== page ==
# Complex projective space

In mathematics, complex projective space, or CPn, is the projective space of (complex) lines in Cn+1. The case n = 1 gives the Riemann sphere (also called the complex projective line), and the case n = 2 the complex projective plane.

Complex projective space is a complex manifold that may be described by n+1 complex coordinates as

[itex](z_1,z_2,\ldots,z_{n+1}) \in \mathbb{C}^{n+1},

where the tuples differing by an overall rescaling are identified:

[itex](z_1,z_2,\ldots,z_{n+1}) \equiv

That is, these are homogeneous coordinates in the traditional sense of projective geometry.

CPn is a complex manifold of complex dimension n, so is has real dimension 2n. It is a special case of a Grassmannian, and is a homogeneous space for various Lie groups. It is a Kähler manifold carrying the Fubini-Study metric, which is essentially determined by symmetry properties.

One may also regard CPn as a quotient of the unit 2n+1 sphere in Cn+1 under the action of U(1):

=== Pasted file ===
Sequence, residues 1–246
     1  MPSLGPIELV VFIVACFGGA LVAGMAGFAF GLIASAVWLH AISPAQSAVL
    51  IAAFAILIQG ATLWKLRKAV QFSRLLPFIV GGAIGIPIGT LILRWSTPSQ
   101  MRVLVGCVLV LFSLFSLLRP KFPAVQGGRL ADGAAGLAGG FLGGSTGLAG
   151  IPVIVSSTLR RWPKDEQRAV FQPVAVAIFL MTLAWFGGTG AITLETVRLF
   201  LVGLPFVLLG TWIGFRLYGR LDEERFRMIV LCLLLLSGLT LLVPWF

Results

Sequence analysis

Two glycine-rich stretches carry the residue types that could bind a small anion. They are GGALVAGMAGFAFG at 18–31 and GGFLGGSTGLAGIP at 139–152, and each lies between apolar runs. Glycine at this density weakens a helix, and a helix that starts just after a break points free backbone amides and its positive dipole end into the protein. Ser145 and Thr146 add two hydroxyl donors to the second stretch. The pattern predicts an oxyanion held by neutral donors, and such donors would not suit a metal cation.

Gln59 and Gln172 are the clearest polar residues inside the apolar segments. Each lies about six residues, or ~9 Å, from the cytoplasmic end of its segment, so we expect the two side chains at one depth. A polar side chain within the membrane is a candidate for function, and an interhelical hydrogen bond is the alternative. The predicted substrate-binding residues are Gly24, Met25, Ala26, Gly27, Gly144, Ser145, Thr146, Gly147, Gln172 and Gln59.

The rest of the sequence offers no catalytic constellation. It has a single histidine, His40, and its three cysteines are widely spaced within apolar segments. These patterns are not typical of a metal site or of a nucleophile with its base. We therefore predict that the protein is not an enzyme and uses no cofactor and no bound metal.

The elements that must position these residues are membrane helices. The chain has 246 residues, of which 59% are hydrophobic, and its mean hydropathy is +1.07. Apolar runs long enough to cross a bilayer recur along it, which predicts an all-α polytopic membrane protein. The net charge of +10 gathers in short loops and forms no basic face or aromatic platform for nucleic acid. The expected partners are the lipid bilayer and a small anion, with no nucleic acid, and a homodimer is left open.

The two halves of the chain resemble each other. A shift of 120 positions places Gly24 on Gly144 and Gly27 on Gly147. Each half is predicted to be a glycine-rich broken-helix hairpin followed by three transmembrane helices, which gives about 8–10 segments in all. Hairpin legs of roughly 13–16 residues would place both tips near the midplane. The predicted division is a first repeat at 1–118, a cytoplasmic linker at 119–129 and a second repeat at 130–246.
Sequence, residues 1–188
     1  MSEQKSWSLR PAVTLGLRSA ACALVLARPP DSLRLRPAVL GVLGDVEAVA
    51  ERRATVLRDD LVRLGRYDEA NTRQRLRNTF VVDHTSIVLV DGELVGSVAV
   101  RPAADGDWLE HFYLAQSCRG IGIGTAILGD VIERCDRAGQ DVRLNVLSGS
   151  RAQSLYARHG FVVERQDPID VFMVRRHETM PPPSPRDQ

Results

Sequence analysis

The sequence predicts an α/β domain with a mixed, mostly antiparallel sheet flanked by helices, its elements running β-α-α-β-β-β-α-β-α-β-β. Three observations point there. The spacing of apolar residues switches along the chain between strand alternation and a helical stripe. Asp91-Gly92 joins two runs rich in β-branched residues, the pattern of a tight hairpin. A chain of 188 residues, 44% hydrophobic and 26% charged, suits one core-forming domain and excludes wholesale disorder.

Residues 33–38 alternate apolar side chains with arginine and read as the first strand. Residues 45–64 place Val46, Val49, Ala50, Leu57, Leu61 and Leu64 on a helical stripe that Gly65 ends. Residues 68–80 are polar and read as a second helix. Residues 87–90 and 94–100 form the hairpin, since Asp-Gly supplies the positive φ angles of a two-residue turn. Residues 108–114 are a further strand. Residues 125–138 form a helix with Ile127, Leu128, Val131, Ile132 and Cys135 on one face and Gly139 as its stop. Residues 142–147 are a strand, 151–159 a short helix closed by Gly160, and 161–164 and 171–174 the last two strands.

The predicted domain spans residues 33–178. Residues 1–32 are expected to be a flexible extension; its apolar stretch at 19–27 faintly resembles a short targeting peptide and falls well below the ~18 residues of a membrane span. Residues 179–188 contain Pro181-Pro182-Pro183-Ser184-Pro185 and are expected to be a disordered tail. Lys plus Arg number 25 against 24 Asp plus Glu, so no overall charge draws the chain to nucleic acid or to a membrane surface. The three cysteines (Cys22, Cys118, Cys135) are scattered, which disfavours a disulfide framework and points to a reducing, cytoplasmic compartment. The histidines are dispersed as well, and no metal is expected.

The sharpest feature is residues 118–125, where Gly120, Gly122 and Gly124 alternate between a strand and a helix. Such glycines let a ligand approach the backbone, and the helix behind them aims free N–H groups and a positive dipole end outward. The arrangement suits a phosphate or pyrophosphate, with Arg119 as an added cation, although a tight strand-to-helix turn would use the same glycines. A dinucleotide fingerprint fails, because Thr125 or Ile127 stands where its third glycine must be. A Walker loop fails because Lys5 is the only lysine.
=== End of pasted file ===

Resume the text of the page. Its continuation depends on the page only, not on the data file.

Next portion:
CPn = S2n+1/U(1)

This is because every line in Cn+1 intersects the unit sphere in a circle. By first projecting to the unit sphere and then identifying under the natural action of U(1) one obtains CPn. For n=1 this construction yields the classical Hopf bundle. From this construction it is not hard to prove that CPn is both compact and simply connected.

In general, the algebraic topology of CPn is based on the rank of the homology groups being zero in odd dimensions; also H2i(CPn, Z) is infinite cyclic for i = 0 to n. Therefore the Betti numbers run

1, 0, 1, 0, ..., 0, 1, 0, 0, 0, ...

The Euler characteristic of CPn is therefore n+1. By Poincaré duality the same is true for the ranks of the cohomology groups. In the case of cohomology, one can go further, and identify the graded ring structure, for cup product; the generator of H2(CPn, Z) is the class associated to a hyperplane, and this is a ring generator, so that the ring is isomorphic with

Z[T]/(Tn+1),

with T a degree two generator. This implies also that the Hodge number hi,i = 1, and all the others are zero.

There is a space CP which, in a sense, is the limit of CPn as n → ∞. It is the classifying space of U(1), in the sense of homotopy theory, and so classifies complex line bundles; equivalently it accounts for the first Chern class.

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